His employment by the General Electric company from 1954 to 1962 further enhanced his political image. It was during his travels for the company that his conservative beliefs coalesed. He gave speeches at GE facilities focusing on the value of a free market economy and the benefit's of GE's products, and during the course of the talk he would exchange ideas with the workers. "It was not what he said to them but what they said to him that was important. They were the kind of people with whom he grew up, and he saw them as hard-working, decent Americans for whom life had not been easy. He became a convert to their way of thinking and, in time, a champion for their interests."
By the 1964 Presidential election, Reagan was an outspoken supporter of conservative Republican Barry Goldwater. His nationally televised speech, "A Time for Choosing," electrified conservatives and led to his being asked to run for Governor of California. To this day, this speech is considered one of the most stirring ever made on behalf of a candidate. Soon after, several top Republican contributors visited Reagan at his home in Pacific Palisades, California, urging him to seek the governorship in 1966. Though these requests were initially "laughed off" by Reagan, he says in his autobiography, he eventually gave in.
In 1966, he was elected the 33rd Governor of California, defeating two-term incumbent Pat Brown. He was re-elected in 1970, defeating Jesse Unruh, but chose not to seek a third term. During his first term, he froze government hiring, but also approved tax hikes to balance the budget. One of Reagan's greatest frustrations in office concerned the death penalty. He had gone on record as a strong supporter. However, his efforts to enforce the state's death penalty law were thwarted when the Supreme Court of California issued its People v. Anderson decision, which invalidated all death sentences passed in California prior to 1972. Although the decision was quickly overturned by a constitutional amendment, there would not be another execution in California until 1992.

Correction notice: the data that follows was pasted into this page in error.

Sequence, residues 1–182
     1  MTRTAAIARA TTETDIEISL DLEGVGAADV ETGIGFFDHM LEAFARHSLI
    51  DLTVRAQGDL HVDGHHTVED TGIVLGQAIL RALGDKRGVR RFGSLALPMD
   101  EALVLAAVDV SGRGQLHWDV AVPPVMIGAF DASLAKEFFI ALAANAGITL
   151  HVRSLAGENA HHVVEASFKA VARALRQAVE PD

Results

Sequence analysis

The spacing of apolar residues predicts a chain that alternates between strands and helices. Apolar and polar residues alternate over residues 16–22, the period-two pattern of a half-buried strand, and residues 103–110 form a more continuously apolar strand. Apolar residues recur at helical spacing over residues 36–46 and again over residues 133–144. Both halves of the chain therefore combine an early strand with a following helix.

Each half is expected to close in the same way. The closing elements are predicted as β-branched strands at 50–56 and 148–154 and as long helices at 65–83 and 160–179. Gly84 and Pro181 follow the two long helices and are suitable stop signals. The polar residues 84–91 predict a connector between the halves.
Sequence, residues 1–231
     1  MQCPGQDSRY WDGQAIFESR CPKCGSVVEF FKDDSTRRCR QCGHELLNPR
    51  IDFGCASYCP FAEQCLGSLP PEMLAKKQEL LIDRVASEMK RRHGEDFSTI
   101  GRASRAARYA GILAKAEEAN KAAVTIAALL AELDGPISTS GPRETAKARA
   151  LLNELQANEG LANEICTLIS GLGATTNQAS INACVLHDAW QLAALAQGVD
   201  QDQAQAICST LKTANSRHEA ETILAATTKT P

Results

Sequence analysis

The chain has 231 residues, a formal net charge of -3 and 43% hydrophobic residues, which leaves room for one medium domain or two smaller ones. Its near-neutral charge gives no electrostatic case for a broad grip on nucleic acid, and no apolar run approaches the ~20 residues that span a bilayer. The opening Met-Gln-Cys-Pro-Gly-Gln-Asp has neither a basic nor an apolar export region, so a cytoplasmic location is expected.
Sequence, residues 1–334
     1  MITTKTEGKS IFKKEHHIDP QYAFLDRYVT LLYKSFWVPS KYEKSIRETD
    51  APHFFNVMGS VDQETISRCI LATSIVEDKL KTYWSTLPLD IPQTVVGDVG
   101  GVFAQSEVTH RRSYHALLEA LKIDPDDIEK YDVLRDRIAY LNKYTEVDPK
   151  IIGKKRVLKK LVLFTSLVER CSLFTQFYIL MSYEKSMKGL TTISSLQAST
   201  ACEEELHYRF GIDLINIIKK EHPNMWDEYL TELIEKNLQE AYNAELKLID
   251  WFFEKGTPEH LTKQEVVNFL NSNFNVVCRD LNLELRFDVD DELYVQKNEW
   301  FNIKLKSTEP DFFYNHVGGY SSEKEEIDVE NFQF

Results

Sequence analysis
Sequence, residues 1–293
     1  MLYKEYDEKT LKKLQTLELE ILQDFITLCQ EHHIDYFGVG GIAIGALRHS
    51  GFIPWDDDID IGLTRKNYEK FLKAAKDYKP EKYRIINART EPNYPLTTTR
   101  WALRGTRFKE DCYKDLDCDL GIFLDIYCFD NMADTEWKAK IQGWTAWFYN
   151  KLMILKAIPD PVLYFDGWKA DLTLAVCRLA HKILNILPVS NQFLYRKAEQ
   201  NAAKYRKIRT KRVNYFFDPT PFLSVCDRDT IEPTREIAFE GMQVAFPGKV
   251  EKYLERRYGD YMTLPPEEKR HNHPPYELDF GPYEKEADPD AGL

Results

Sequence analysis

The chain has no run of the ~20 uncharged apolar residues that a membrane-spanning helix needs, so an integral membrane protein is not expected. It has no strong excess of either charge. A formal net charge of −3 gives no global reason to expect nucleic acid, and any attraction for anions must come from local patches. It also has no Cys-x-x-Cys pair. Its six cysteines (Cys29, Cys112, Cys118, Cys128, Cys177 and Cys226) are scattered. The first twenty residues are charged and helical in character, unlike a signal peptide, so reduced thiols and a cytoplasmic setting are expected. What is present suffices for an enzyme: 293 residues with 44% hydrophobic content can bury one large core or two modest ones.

Reagan's first attempt to gain the Republican presidential nomination in 1968 was unsuccessful. He tried again in 1976 against the incumbent Gerald Ford, but was narrowly defeated at the Republican Convention. In 1978, Reagan visited the Berlin Wall, which has gained more importance in retrospect. He was accompanied by an aide, Peter Hannsford, who told Dinesh D'Souza, "he remembers Reagan's 'cold fury' as he gazed at the symbol of the divide between freedom and totalitarianism. Reagan's reaction was brief and to the point: 'This wall has got to come down.'"
He finally succeeded in gaining the Republican nomination in 1980. The campaign, led by William J. Casey, was conducted in the shadow of the Iran hostage crisis, and some analysts believe President Jimmy Carter's inability to solve the hostage crisis played a large role in Reagan's victory against him in the 1980 election. Other issues in the campaign included inflation, lackluster economic growth, instability in the petroleum market leading to a return of gas lines, and the perceived weakness of the U.S. national defense.
Reagan's showing in the televised debates boosted his campaign. He seemed more at ease, making fun of President Carter with remarks like "There you go again." Perhaps his most influential remark was a closing question to the audience, during a time of skyrocketing global oil prices and highly unpopular Federal Reserve interest rate hikes, "Are you better off today than you were four years ago?"
While leaving the Hilton Hotel in Washington, DC on March 30, 1981, Reagan, his Press Secretary James Brady, Secret Service agent Tim McCarthy, and District of Columbia police officer Thomas Delanty were shot by John Hinckley, Jr. Reagan turned what could have been a low point in his first 100 days into another high point by remarking "I hope you're all Republicans," to his surgeons and "Honey, I forgot to duck" to his wife.
In order to achieve increases in military spending to fight the Cold War, the administration had to allow increases in spending on social programs, resulting in record deficit spending and a tripling of the national debt by the end of his second term. At the same time, inflation, which had been 13% in 1979, came down to under 4% in 1982. Unemployment also dropped from 7.5% in the year that Reagan took office to 5.2% in the year that he left. Proponents often note that Reagan used his veto on public spending projects…[continue]